|Stealing Parker by Miranda Kenneally|
Curveball Dodging: Miranda explores the importance of recognizing your own self-worth instead of placing value on other’s opinions.
This is a topic that’s super important to me.
When I was seventeen years old, I decided to apply for colleges outside of Tennessee. I wanted to try new things and see the world. I’d felt like that since I had gone to France when I was fourteen.
I applied to American University in Washington, D.C., and I was ecstatic when I got in. In high school, I had a 3.9 GPA and I made mostly As. Sure, I partied some and didn’t take school all that seriously, but I had drive and I knew I wanted to attend a great school so I would have great opportunities later in life.
After I received my acceptance letter to American University, the school guidance counselor called me into her office. She suggested that I go to the community college in the next town over, because I would probably fail in Washington, D.C. She thought I wouldn’t make it at a big school.
I went home, brokenhearted that she didn’t believe in me. But then I realized it didn’t matter what the stupid guidance counselor said. I wanted to go to D.C., so I was going there. End of story.
In my book Stealing Parker, Parker places way too much emphasis on what other people think. She lets the prejudices of others determine her behavior. People think Parker’s a lesbian just like her mother, so Parker decides to show them she’s not. She quits the softball team, loses 30 pounds, and makes out with lots of guys. Instead of people thinking, “Oh, Parker’s not a lesbian like her mom,” they think, “Oh, Parker’s kind of slutty.”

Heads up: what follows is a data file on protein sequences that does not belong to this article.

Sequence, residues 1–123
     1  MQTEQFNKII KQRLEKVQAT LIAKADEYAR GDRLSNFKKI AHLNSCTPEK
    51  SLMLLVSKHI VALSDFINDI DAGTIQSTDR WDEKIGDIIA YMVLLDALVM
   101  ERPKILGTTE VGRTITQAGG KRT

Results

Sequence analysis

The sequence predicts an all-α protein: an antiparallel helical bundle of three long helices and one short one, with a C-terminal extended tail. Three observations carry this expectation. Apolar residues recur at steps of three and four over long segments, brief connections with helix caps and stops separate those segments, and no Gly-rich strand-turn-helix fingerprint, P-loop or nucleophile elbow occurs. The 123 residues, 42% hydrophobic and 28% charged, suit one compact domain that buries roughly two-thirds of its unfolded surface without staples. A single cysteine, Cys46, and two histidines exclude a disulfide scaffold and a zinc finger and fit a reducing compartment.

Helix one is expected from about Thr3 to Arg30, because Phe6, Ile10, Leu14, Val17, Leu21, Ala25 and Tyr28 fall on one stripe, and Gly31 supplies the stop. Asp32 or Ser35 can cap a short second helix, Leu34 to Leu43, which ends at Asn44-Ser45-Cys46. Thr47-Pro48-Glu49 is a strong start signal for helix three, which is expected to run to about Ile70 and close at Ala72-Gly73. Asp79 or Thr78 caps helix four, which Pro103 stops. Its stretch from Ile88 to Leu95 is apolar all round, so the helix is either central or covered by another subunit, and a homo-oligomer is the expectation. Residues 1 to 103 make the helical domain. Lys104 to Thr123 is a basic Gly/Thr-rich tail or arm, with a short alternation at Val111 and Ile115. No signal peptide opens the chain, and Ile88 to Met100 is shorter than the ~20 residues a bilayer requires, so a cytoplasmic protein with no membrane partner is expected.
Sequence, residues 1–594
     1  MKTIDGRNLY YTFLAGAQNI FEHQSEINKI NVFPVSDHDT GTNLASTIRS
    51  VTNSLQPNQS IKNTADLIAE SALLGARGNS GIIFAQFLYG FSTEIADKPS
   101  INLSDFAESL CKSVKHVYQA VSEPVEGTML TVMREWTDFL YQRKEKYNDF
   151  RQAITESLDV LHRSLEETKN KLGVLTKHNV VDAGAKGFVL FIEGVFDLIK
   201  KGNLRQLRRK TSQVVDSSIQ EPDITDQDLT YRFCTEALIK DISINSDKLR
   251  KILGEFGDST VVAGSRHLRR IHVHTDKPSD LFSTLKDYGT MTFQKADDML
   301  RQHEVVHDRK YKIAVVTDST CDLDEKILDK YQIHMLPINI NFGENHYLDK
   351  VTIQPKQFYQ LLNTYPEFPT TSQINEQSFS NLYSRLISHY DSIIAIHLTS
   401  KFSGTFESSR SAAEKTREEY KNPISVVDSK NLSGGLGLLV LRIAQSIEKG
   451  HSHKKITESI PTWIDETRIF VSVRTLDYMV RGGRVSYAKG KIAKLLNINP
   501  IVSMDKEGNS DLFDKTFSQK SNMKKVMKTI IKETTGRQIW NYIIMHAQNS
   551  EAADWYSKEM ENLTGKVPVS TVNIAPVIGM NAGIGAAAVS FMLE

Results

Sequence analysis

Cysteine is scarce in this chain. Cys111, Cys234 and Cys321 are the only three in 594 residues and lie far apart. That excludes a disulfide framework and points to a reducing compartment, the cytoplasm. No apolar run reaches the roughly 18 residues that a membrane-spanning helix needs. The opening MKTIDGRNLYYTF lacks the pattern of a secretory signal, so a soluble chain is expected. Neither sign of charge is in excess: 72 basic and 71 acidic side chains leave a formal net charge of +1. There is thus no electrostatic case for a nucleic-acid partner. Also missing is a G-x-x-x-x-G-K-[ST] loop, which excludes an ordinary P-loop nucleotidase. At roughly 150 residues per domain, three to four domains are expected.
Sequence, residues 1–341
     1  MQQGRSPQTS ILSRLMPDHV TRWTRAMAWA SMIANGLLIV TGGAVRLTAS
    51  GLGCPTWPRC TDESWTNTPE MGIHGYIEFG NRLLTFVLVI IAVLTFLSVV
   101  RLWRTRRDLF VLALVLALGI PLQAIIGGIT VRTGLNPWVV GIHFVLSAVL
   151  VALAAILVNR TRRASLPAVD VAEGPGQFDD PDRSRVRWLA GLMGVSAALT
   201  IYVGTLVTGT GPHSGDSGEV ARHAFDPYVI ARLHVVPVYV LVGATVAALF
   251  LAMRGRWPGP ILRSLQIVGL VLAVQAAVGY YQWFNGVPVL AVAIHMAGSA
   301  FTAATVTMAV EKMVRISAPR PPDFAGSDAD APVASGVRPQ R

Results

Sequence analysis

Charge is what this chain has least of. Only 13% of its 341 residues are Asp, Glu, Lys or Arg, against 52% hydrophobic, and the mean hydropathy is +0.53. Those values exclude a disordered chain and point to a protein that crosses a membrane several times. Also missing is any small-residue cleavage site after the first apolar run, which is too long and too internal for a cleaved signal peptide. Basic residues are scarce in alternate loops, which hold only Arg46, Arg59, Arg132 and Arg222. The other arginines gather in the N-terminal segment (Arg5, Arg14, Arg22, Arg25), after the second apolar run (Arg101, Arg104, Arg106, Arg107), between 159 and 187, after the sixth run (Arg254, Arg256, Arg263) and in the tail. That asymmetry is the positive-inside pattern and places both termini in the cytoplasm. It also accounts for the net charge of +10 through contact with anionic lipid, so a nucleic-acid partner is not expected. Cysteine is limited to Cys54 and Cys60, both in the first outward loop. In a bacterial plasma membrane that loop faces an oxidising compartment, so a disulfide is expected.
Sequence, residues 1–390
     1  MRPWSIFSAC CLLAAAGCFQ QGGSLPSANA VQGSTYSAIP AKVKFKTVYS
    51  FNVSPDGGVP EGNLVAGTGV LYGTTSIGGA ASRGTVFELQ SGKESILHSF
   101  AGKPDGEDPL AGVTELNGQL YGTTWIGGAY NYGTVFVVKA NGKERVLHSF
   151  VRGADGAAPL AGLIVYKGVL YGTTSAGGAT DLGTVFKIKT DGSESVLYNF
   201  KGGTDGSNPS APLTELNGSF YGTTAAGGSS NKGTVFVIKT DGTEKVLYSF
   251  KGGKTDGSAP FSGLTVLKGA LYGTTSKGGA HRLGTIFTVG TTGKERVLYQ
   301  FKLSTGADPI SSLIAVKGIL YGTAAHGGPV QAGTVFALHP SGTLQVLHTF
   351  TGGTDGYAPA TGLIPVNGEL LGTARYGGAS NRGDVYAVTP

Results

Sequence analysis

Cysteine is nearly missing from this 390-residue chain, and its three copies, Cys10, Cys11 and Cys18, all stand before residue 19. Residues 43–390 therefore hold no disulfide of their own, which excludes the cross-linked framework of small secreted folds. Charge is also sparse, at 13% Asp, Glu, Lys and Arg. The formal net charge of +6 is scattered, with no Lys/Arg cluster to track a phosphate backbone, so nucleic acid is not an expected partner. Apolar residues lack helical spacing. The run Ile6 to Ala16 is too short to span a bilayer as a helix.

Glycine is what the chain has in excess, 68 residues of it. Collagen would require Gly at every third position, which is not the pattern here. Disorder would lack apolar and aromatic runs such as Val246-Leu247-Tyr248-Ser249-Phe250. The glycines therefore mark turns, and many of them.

You can’t do something you don’t want to do in hopes of making people think a certain way about you, because nobody thinks the same way.
During the book, Parker learns what she thinks about herself is what’s important. She realizes that until she does what she wants to do, she’s never going to be happy and people aren’t going to know who the “real” Parker is.
Who is the real you? Have you ever let someone else decide your path?
Growing up in Tennessee, Miranda Kenneally dreamed of becoming an Atlanta Brave, a country singer (cliché!), or a UN interpreter. Instead she writes and works for the State Department in Washington, D.C., where George W. Bush once used her shoulder as an armrest. She loves Twitter, Star Trek and her husband.
Where to find her...